Yet, despite this, I do admit that there are a few games that contribute their components more often than not.


Mage: the Ascension
Completely divorced from the clunky core mechanisms of the Storyteller system, the magic system of Mage is brilliant, but then again the game is called Mage, so it would want to be. Actually, there are a few great game ideas that set the tone for the various games in the World of Darkness once you strip them away from the core system. Those are the elements that give me inspiration.


Warhammer Fantasy Role-playing
The career system in WFRP has been a strong influence in many of my designs. The low magic grim fantasy has also been a strong aesthetic when I've produced non-modern settings.


Cyberpunk2020
The lifepath system in CP2020 has been a strong design inspiration in much of my work.

For most of the rest of my design practice, I believe it's important to experience and understand as many different designs as possible, see what they're trying to do, see what they actually manage to do, where they work, where they fail, where unexpected serendipity brings alternative effects to the table.


19 April, 2018

#AprilTTRPGMaker 18: Current Inspirations

So many...in no particular order.

Mad Max
Judge Dredd
The assorted folklore of various local Indigenous groups
The ferrets we share our house with (Red Sonja, Agent Brodie, Agent Ellie Bartowski, Machete, Monroe, Rosalie, Lucifer, Mazikeen, and Chloe)
The other animals in our house (Okami, Inari, Rhubarb, and Peking)
My wife, Leah.
The animations of Ralph Bakshi
Getting magic "right" by way of John Constantine, Newt Scamander, Dr. Stephen Strange, Aleister Crowley, Taoist alchemy, and assorted indigenous folklore.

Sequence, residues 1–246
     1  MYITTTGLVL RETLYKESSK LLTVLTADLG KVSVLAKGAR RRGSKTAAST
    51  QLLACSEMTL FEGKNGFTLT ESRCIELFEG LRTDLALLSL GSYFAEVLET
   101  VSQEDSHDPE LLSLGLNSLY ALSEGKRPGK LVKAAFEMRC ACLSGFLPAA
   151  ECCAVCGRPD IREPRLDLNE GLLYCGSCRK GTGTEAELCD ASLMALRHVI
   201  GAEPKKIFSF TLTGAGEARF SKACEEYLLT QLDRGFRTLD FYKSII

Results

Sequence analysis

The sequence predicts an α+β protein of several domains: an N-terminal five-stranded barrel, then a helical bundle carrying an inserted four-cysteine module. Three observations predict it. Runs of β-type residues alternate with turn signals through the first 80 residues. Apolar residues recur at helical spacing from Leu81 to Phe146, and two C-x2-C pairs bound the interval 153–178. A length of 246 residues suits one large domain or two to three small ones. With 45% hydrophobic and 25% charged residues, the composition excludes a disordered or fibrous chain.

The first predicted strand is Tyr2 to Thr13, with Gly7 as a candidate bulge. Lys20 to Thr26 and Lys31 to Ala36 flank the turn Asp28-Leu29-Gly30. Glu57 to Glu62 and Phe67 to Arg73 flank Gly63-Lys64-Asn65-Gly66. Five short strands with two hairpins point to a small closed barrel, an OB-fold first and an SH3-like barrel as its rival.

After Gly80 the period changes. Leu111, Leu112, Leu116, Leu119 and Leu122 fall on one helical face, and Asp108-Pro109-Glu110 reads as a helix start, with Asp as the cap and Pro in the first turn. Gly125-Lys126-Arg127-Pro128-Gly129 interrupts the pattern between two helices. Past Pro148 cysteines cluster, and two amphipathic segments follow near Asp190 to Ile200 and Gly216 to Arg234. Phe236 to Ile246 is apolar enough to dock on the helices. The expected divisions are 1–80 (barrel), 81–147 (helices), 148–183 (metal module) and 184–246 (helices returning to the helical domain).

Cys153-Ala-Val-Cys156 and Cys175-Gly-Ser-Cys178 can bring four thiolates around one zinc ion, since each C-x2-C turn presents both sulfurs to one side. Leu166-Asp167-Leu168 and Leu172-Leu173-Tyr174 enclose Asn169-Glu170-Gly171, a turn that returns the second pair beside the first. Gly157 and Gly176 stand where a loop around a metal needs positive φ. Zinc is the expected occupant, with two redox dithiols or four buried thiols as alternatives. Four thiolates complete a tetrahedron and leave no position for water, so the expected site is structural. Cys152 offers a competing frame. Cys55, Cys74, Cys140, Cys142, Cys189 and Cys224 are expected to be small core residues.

...that'll do for now.

The Czege Principle

It's killing me.


If I had to put into words the barrier that's always in my way when I start working on Apocalypse Diaries, I don't think I could put it more succinctly than Paul Czege did over a decade ago.

"When one person is the author of both the character's adversity and its resolution, play isn't fun."

Apocalypse Diaries has always been designed as solo play, which has meant that a player weaves their own narrative, but it's not designed to tell the story of a "Mary Sue" or a "Marty Stu".

...well that's not entirely true. I don't care if the character's in Apocalypse Diaries start their lives without major problems, and with everyone desiring them and fawning over them. But this should only game make the apocalyptic fracture in the game more dramatic when all hell breaks loose.

I want players to be able to introduce things, but not know if those things will be beneficial or detrimental to them until they've been in the story for a while. I want the randomness of cards (or other effects) to shape the character's destiny as much as the written words...and mostly I want a systemic feedback loop where words and rules interconnect in a coherent way, but still leave scope for surprises.

Is it possible to circumvent the Czege Principle for an evocative solo play structure?

I must look at that RPG I downloaded a couple of weeks ago which people claimed to have an excellent "solo mode" option to it... now what was it called again?

18 April, 2018

Best Seller

I've been so busy focusing on why people haven't been noticing or buying my games, that I hadn't noticed one of my little games actually reaching a sales threshold.


Tooth and Claw has gained "Copper" best seller status on DrivethruRPG.

I hadn't noticed this because I usually look at my products through the RPGNow shopfront rather than the DrivethruRPG shopfront. It takes 50 paid sales on a single shopfront to gain one of these little badges, and I've got a few other products slowly crawling their way towards a similar status... quite a few of my games have sold 60 or more copies, but those sales are scattered between the various shopfronts of the OneBookShelf network, so no others have the mark yet... despite their regular turnover trickle of sales. Then there are the free-release and pay-what-you-want products, which have hundreds if not thousands of downloads, but only a tiny percentage of paid sales.

Still, it's nice to see a slow but steady growth in my stuff.

17 April, 2018

#AprilTTRPGMaker 17: Favourite form of feedback

Heavy guitar distortion and fuzz...



Oh. You still mean regarding game making...

Most beneficial form of feedback, and favourite feedback are different. My favourite feedback would be hallowed praise and words claiming my genius, along with numerous sales and seeing word-of-mouth spreading across the internet.